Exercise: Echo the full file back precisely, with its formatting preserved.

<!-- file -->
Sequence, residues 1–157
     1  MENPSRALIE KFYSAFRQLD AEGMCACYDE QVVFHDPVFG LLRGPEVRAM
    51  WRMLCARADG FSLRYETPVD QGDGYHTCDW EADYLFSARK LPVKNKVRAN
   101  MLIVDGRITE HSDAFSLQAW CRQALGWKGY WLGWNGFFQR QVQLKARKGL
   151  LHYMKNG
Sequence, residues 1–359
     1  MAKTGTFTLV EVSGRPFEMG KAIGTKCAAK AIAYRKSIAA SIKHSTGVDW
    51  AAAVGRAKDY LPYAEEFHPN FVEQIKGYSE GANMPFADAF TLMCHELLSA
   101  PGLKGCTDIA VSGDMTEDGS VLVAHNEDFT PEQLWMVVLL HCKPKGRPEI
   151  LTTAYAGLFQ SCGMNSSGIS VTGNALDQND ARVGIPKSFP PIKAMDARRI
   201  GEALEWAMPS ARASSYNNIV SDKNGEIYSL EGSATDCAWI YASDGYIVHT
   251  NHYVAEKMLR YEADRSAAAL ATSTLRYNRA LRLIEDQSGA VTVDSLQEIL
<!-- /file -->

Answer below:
Sequence, residues 1–157
     1  MENPSRALIE KFYSAFRQLD AEGMCACYDE QVVFHDPVFG LLRGPEVRAM
    51  WRMLCARADG FSLRYETPVD QGDGYHTCDW EADYLFSARK LPVKNKVRAN
   101  MLIVDGRITE HSDAFSLQAW CRQALGWKGY WLGWNGFFQR QVQLKARKGL
   151  LHYMKNG
Sequence, residues 1–359
     1  MAKTGTFTLV EVSGRPFEMG KAIGTKCAAK AIAYRKSIAA SIKHSTGVDW
    51  AAAVGRAKDY LPYAEEFHPN FVEQIKGYSE GANMPFADAF TLMCHELLSA
   101  PGLKGCTDIA VSGDMTEDGS VLVAHNEDFT PEQLWMVVLL HCKPKGRPEI
   151  LTTAYAGLFQ SCGMNSSGIS VTGNALDQND ARVGIPKSFP PIKAMDARRI
   201  GEALEWAMPS ARASSYNNIV SDKNGEIYSL EGSATDCAWI YASDGYIVHT
   251  NHYVAEKMLR YEADRSAAAL ATSTLRYNRA LRLIEDQSGA VTVDSLQEIL